‘Evil has finally found a home.’
Jason Goes to Hell: The Final Friday is a 1993 American slasher horror feature film directed by Adam Marcus (Secret Santa; co-writer of Texas Chainsaw 3D) from a screenplay by Dean Lorey and Jay Huguely, based on a storyline by the latter and Marcus. It was produced by Sean S. Cunningham, director of the first Friday the 13th in 1980.
The film is the ninth instalment of the Friday the 13th franchise and the first to be distributed by New Line Cinema rather than Paramount Pictures. New Line intended the film to be the last in the Friday series, thus the subtitle of the movie and to set up Freddy vs. Jason, hence the inclusion of the final scene.
Due to major development issues over several years, New Line Cinema wasn’t sure if Freddy vs. Jason would ever get made. To tide over fans they made Jason X in 2001. Since this film was subtitled the The Final Friday, they decided against a repeat of the Friday the 13th title, and set it in the future so as to avoid continuity problems with a possible Freddy vs. Jason film. The latter was eventually released ten years after this film, in 2003.
A lone woman is staying at a rundown cabin on Crystal Lake. After a shower, she encounters Jason in a hallway. As he is about to slash her, she dodges him and falls over a railing to the floor below.
A chase ensues throughout the forest with Jason hunting the woman. She comes to a clearing, turns around to see Jason. She jumps aside, someone yells ‘Now!’, and huge floodlights are flashed upon Jason. We see a government task force begin to repeatedly shoot Jason hundreds of times, with no effect on him. They launch a grenade that blows his body apart into several pieces, scattering around the area.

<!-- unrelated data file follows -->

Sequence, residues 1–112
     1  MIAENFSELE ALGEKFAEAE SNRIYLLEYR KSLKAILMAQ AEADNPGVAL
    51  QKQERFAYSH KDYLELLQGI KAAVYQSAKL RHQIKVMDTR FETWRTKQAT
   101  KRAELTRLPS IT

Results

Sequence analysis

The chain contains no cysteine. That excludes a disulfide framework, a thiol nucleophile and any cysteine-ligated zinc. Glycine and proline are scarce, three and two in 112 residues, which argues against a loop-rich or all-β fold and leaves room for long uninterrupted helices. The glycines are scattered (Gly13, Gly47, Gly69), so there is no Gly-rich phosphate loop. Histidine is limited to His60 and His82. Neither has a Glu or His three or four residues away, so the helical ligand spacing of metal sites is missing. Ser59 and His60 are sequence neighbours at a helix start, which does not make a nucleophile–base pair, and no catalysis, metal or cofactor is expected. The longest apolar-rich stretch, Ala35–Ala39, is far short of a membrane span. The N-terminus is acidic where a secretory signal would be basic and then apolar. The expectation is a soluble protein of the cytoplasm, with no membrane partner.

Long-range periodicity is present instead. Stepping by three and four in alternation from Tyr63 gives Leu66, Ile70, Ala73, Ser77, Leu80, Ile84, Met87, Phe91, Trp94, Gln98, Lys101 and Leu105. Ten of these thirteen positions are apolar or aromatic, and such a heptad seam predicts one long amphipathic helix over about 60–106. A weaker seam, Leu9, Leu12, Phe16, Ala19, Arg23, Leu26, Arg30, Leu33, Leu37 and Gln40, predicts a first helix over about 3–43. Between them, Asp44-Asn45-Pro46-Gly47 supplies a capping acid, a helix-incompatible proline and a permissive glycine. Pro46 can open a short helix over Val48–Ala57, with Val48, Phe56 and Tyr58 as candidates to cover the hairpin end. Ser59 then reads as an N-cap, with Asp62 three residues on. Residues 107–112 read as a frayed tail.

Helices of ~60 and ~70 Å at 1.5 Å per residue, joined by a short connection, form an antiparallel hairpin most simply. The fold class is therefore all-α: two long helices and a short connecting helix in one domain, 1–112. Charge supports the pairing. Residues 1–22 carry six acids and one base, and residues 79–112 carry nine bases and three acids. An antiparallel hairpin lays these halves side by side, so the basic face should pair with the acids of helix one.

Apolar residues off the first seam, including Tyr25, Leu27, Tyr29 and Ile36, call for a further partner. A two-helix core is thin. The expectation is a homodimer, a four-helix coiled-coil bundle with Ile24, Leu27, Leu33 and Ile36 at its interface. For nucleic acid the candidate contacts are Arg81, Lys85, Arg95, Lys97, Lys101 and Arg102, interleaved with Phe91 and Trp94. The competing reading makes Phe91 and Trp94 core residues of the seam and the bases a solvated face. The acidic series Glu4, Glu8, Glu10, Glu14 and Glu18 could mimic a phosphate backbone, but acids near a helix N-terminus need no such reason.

We discover that the woman in question was undercover FBI agent Elizabeth Marcus, as the FBI set a trap to stop Jason once and for all. The agents are celebrating the victory, and we cut to a mysterious figure in the forest questioning what the government just did saying “I don’t think so”.
Jason’s remains are sent to a morgue. The coroner is processing the autopsy making various notes, including the heart being twice the size of a normal human heart. As he brings a scalpel to the heart, it begins to beat slowly, then faster and faster. The coroner becomes hypnotized by Jason’s beating heart and is compelled to eat it.
This causes spirits to emanate from Jason’s scarred body parts, and the coroner becomes possessed by the ‘spirit’ of Jason. We see this as the reflection of newly hosted coroner is that of Jason’s original form.
The now possessed coroner begins a killing spree in route to Crystal Lake. Along the way he kills hospital guards (one being actor Kane Hodder – who portrays the ‘masked’ Jason character in this and the previous two films), along with several teenagers…
Reviews [click links to read more]:
“All told, I rather suspect that had this movie simply been billed as a non-series horror flick in the vein of Shocker or The First Power, it would probably have been much better received by the fans. Indeed, it is when it operates most visibly within traditional Friday the 13th territory that Jason Goes to Hell is at its weakest.” 1000 Misspent Hours and Counting
” …as a movie that has nothing to do with the Friday the 13th film, this is an ok action/horror opus with lots of gore and nudity. But as a Friday the 13th sequel, this one misses the boat, betraying the die hard fans and straying too far from it’s source. He’s wearing a hockey mask, has a machete but he’s not the Jason I know.” Arrow in the Head
“As a film, Jason Goes to Hell: The Final Friday is well made – it is one of the few films in the Friday the 13th series that could be said to be directed with style and suspense rather than only being a catalogue of novelty deaths. It also the only Friday the 13th film in which a character can be seen crying over the slaughter of one of the victims.” Moria
“I’ve read quite a few reviews that have argued that Jason Goes To Hell is the worst installment in the franchise but I disagree. It’s close, but it’s marginally better than both Part 3 and Jason Takes Manhattan. It’s saved from being a total disaster by that clever opening and likable performances from John LeMary and Kari Keegan.” Through the Shattered Lens
” …it’s pretty much the same old same old verging on self-parody, except for the plot elements blatantly stolen from The Hidden and a pervasive casual sadism.” Mike Mayo, Videohound’s Horror Show